To Allies of the LGBTQ Community,
As we acknowledge LGBTQ history and the Pulse shooting last year, we must reflect on our commitment to bettering LGBTQ lives and actively show our solidarity for equality. We must evaluate the current climate during this time of remembrance and reflection. Last week, we witnessed marginalized queer and trans people of color block the DC Capital Pride parade, after which we would be remiss if we didn’t ask ourselves, who is Pride serving and how can we be more inclusive? As allies, it is our responsibility to ensure all LGBTQ individuals are given a safe space in which they are free to exist and be themselves, especially during Pride. As we take the tragedy that happened at Pulse and the importance of the #NoJusticeNoPeace rally into consideration, we bear witness to an outcry for all LGBTQ people to have safe, inclusive spaces. In respect to this call to action, EROC wants to stress the importance of inclusiveness of these disenfranchised communities. Bisexual, transgender, gender non-conforming, and asexual individuals are often erased and forced into the margins within the LGBTQ community. These actions contribute to real violence and threats to the community’s safety, and result in events such as at Pulse or the Stonewall Inn. During this year’s Pride it is important that we recognize the unique challenges these marginalized communities face, and offer representation, safe havens, resources, and care specific to their particular needs as service providers, Pride-goers, and organizers.
The needs of marginalized groups such as the transgender community are often diminished, or erased, and often go unaddressed. The community is particularly vulnerable because trans people, especially transgender women of color, experience exceptionally high rates of discrimination and violence. In fact, trans women of color make up one of the most vulnerable populations, with a life expectancy of just 35 years. Even considering the mystery behind Marsha P. Johnson’s death and the murder of the tenth transgender person of color this year,it appears that some progress has been made since Stonewall in 1969. However, we still have so much further to go. Community organizers should consider creating events and programs specifically to support and welcome this community. Pride should be a safe space for all LGBTQ individuals, but recent sponsorship of the very law enforcement that caused the Stonewall Riots are given more space than the marginalized LGBTQ youth who have historically led this movement.
Additionally, bisexual people’s experiences are consistently erased from LGBTQ-specific narratives, events, and resources as well. This is largely due to a lack of knowledge and understanding of sexual fluidity, resulting in less inclusion to meet the particular needs of these communities. That being said, Pride is one of the best months to learn from the outpour of information that floods the internet. Use the month to learn about different LGBTQ experiences so that we can seek justice and equality for everyone. Seek out opportunities — not just during Pride Month, but throughout the year — to include marginalized communities and create inclusionary events and programs. Whether in education or in campus safety we must address the specific needs of everyone within the LGBTQ community — centering the most disenfranchised.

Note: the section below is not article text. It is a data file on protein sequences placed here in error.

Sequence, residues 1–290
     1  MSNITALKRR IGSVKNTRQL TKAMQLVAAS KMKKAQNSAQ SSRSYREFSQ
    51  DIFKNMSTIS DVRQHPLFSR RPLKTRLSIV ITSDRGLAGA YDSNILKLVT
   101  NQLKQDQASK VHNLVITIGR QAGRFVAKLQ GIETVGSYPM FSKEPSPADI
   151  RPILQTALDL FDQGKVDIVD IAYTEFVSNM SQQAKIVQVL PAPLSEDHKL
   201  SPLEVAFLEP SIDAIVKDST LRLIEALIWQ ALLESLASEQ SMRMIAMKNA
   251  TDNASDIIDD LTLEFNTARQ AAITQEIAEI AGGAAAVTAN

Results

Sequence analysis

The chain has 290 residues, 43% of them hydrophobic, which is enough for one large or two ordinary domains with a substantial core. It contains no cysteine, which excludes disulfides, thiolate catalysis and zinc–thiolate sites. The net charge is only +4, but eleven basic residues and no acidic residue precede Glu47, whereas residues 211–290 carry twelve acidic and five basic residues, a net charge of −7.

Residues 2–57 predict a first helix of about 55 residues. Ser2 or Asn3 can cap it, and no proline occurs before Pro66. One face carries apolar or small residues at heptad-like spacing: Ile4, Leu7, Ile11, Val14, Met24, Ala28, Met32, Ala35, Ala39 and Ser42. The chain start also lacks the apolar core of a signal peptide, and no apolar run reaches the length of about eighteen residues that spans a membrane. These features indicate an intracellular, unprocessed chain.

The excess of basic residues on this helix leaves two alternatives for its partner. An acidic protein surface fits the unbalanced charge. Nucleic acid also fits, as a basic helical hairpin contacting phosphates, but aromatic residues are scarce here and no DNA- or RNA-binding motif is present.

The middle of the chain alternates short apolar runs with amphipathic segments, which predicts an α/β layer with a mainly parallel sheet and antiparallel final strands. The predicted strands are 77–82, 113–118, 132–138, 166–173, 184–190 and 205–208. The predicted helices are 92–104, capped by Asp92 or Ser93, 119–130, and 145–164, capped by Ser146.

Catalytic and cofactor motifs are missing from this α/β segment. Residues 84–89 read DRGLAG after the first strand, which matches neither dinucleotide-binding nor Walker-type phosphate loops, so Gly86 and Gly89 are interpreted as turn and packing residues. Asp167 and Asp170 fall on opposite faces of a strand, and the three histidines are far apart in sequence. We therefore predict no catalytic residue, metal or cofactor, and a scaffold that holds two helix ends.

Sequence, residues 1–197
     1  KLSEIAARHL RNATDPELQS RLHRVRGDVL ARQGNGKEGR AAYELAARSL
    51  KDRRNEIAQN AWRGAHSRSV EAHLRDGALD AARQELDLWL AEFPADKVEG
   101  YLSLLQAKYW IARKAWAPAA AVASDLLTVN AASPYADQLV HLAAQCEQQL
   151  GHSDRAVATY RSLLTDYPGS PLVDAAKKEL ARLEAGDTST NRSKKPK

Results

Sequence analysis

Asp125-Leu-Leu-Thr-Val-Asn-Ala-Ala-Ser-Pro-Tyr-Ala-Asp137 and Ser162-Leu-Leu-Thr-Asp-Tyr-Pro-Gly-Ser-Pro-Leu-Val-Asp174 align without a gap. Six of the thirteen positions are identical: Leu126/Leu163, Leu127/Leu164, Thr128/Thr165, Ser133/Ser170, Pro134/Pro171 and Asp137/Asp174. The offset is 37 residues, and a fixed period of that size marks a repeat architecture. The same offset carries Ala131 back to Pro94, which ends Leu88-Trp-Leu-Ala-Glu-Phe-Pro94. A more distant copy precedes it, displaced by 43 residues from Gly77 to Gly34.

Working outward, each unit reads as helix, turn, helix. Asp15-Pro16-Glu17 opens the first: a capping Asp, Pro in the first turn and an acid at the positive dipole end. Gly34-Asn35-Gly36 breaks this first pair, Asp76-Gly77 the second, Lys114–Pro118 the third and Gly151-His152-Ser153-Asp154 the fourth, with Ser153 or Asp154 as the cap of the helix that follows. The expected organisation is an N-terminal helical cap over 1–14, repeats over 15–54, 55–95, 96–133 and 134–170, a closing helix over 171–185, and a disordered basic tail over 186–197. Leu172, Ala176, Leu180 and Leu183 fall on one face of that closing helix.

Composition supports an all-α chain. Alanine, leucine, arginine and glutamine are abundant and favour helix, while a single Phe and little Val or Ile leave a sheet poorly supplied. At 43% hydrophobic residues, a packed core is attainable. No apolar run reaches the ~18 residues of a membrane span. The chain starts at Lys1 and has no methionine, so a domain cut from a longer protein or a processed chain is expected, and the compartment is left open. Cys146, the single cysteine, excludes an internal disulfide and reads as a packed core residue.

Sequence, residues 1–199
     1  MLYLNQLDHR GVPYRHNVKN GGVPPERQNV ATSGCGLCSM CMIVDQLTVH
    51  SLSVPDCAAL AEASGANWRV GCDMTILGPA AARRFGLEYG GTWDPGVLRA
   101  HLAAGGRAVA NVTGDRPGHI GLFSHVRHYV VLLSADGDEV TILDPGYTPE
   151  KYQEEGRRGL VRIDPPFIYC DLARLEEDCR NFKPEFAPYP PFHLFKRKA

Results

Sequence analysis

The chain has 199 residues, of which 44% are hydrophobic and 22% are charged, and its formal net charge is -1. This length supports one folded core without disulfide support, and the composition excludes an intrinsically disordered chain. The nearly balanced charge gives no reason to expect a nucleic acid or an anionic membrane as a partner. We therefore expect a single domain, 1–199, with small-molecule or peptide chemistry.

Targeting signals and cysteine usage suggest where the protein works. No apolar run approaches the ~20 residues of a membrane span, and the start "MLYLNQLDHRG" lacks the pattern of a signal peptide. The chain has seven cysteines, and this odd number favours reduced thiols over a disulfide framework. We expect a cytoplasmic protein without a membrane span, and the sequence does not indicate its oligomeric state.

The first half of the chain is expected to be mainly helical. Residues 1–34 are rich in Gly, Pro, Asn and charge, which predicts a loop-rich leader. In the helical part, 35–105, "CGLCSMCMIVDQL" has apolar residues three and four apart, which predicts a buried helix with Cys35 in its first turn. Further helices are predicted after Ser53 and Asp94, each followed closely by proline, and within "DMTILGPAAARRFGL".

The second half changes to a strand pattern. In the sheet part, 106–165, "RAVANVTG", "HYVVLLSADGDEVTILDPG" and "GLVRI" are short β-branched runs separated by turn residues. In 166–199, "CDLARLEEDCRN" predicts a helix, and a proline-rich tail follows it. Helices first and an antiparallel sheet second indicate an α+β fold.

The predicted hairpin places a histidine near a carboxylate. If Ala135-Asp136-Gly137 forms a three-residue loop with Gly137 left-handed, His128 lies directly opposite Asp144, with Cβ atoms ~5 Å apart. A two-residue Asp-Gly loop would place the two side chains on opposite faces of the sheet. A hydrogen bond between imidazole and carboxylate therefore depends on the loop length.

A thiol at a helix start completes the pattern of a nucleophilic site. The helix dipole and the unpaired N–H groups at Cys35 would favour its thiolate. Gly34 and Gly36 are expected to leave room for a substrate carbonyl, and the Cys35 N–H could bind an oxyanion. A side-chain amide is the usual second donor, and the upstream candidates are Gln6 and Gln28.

So take this energy and motivation from Pride Month into other areas in your life to push for inclusiveness and equality. Use your voice and vote to prevent physical and legislative targeted attacks against the LGBTQ community. Further, learn from LGBTQ folks and organizations. This Pride, EROC’s mission is to educate students of their rights and provide information for the survivors who often fall between the cracks. As we have learned from previous Pride Month blogs about LGBTQ history and the barriers survivors face in reporting and receiving assistance, it’s important to include and uplift these communities in our advocacy work.
Toronto Pride last year set a prime example of solidarity and how to take meaningful steps towards collaboration with marginalized groups. By meeting with local queer Black Lives Matter activists and listening to their demands, Toronto learned how to create a safe Pride for everyone. It is our responsibility and duty as advocates for all survivors of sexual violence to continue progressing in the same fashion.
CHARDONNAY MADKINS (pronouns: she/her/hers)is a womanist and activist serving the Los Angeles area. She received her Bachelor's of Arts degree in Psychology and Urban & Environmental Policy from Occidental College. As one of the few black women leaders on Occidental's campus, Chardonnay Madkins played a prominent role in the institution's Black Student Alliance and also co-founded the Oxy Sexual Assault Coalition, where she shed light on issues involving survivors of color and mobilized students and faculty to demand administrators appropriately handle sexual assault cases. She dedicates her time advocating specifically for Black survivors and changing policies around sexual assault. She maintains a passion for knowledge and aspires to continue her education of human rights and womanist politics in order to give voice to the voiceless.
You can reach Chardonnay at firstname.lastname@example.org